Characters and Authors in Luigi Pirandello

Characters and Authors in Luigi Pirandello

Characters and Authors in Luigi Pirandello

Characters and Authors in Luigi Pirandello

Synopsis

Luigi Pirandello is best known in the English-speaking world for his radical challenge to traditional Western theatre with plays such as Six Characters in Search of an Author. But theatre is just one manifestation of his experiments with language which led to a remarkable collection of novels, short stories, and essays as well as his work for a film industry then in its infancy. This study, which is based on the view that Pirandello's writings are most fruitfully discussed in a European context, takes as its starting-point the author's belief in the primacy of the literary character in a creative process which is necessarily conflictual. The book argues that all Pirandello's characters are engaged in a continual performance which transcends the genre distinction between narrative and dramatic forms. In this performance it is the spoken word in which the characters invest most heavily as they struggle to sustain an identity of their own, tell their life-stories, and assert themselves before their most prominent antagonist, the author himself.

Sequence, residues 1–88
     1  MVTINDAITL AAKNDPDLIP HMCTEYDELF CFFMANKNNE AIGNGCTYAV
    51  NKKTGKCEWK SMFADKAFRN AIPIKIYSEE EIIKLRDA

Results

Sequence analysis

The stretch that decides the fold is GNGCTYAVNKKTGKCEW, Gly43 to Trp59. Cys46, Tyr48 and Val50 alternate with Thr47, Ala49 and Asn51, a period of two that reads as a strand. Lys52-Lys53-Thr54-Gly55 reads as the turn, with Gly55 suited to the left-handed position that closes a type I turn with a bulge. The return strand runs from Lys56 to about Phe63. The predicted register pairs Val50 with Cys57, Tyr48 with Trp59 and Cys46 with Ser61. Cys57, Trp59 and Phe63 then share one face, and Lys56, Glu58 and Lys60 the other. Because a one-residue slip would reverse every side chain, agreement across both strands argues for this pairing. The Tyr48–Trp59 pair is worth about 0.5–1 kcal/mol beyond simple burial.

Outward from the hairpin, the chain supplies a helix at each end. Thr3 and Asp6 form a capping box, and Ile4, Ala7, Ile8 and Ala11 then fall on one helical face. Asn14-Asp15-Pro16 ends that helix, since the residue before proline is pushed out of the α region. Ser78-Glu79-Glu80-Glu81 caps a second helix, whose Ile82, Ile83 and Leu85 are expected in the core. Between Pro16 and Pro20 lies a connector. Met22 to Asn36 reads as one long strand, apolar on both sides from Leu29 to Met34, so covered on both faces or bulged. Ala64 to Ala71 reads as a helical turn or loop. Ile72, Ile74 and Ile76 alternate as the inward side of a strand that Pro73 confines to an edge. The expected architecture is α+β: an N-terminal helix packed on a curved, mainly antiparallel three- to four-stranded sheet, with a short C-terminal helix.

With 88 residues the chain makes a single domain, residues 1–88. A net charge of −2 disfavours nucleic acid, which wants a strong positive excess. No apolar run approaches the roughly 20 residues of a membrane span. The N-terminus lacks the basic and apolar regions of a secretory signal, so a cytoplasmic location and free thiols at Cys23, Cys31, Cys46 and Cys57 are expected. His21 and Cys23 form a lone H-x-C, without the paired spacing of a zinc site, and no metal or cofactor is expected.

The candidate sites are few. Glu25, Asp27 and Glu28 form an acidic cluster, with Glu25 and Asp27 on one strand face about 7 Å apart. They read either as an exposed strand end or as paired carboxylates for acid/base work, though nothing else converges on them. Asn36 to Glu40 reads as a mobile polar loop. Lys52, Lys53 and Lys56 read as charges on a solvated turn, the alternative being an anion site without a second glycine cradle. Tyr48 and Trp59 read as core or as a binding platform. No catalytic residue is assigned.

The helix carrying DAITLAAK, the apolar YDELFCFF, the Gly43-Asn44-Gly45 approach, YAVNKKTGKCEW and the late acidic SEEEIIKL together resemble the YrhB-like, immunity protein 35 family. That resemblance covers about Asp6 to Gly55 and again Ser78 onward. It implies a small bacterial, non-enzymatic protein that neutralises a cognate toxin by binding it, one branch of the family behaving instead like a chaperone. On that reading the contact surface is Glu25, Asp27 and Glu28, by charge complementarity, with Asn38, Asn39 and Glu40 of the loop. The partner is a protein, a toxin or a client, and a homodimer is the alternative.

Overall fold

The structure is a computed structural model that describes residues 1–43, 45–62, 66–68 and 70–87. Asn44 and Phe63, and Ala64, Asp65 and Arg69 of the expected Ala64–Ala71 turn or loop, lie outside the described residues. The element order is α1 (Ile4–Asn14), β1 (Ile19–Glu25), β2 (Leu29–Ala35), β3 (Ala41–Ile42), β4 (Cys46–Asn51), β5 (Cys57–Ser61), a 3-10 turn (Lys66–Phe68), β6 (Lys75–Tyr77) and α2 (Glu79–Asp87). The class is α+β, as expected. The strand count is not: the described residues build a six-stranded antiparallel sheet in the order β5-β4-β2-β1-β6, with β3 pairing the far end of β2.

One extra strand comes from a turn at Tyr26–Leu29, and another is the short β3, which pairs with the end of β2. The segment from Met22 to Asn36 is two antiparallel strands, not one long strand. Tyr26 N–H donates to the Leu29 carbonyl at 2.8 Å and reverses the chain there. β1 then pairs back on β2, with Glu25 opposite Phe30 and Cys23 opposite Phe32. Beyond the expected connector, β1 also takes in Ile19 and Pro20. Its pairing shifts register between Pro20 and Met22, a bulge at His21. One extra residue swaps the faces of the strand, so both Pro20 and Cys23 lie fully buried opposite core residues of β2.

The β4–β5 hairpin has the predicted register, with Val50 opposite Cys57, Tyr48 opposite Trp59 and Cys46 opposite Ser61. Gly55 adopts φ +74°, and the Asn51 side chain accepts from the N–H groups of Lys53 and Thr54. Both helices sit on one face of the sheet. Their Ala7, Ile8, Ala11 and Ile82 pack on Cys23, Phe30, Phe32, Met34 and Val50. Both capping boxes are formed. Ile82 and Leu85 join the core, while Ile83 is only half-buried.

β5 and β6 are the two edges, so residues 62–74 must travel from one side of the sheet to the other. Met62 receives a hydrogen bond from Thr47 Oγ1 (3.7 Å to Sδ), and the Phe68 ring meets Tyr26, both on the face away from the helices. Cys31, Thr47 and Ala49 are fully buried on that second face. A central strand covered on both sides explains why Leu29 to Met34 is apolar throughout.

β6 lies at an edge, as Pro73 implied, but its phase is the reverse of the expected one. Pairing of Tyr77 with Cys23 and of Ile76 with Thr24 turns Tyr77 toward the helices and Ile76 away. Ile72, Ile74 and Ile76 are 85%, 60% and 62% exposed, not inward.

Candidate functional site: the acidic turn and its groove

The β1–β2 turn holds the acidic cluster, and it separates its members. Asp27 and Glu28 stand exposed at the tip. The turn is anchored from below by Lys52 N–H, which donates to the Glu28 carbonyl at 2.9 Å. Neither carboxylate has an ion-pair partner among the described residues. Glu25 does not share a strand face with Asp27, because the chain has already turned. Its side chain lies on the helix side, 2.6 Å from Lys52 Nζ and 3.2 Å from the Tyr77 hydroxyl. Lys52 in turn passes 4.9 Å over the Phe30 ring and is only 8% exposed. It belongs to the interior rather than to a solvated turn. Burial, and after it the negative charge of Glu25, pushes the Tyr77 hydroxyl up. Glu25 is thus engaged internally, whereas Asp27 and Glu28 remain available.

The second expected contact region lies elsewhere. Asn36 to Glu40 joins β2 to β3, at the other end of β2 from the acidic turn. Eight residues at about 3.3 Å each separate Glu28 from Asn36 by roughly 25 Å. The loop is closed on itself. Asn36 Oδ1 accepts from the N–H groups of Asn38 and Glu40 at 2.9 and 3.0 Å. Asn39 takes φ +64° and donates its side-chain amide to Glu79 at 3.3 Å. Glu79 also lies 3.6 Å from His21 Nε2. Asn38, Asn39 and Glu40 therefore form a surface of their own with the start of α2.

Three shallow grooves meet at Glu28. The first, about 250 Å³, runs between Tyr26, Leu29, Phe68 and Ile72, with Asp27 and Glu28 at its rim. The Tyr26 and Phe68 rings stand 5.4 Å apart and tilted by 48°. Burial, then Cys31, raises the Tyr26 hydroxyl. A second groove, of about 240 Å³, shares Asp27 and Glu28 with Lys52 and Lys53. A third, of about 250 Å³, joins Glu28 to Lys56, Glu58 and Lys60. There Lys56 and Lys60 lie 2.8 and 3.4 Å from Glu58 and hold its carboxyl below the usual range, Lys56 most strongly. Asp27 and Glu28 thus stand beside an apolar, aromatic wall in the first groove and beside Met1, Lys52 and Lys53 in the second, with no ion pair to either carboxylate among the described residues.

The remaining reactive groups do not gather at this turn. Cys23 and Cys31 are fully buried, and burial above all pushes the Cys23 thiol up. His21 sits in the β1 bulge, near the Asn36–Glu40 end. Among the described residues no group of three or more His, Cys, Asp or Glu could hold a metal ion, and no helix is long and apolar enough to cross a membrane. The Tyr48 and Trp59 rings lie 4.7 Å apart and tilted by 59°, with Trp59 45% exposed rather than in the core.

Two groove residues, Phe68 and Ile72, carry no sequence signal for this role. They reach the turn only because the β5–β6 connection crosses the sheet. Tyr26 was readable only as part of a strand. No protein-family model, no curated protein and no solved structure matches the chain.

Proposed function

Excerpt

Luigi Pirandello is known primarily in the English-speaking world for his contribution to modern European drama with plays such as Sei personaggi in cerca d'autore and Enrico IV. What is less well known is that he was also a prolific writer of essays, poetry, short stories, novels, and even film-scripts: indeed he himself believed that writing for the stage was no more than a temporary aberration which would not long delay his return to narrative.

Studies of Pirandello's work in English have usually given priority to his plays, choosing to read his other writings as an apprenticeship for his vocation as dramatist. In recent years in his native Italy on the other hand, there has been a keen awareness of the innovative nature of his narrative writing as a whole and in particular of his short stories and novels.

I set out in this book with the intention of discussing Pirandello's work across the genres without giving any one practice a special weighting. He was a restless writer who not only experimented with different literary forms, but who also refused to allow himself to be coerced into respecting the limits of any one genre. The concept of the 'well-made' work, be it novel, play, or essay, was abhorrent to him. From his earliest work as a student in Bonn through to his last years as an international celebrity and Nobel prize winner he detested rules, canons, anything that sought to define and by that definition contain the impulse of the creative moment. It soon became evident that the force driving the work forward was the character him- or herself. It also became clear that the relationship as Pirandello presented it between author and character was not a happy one, being neither mutually supportive nor collaborative. More often than not authors and characters-- and anybody else involved in the creative process--were shown to be at each other's throats. Frustrations, recriminations, and incomprehension are the hallmark of the relationship, one that concerns not only characters and their authors but extends to . . .

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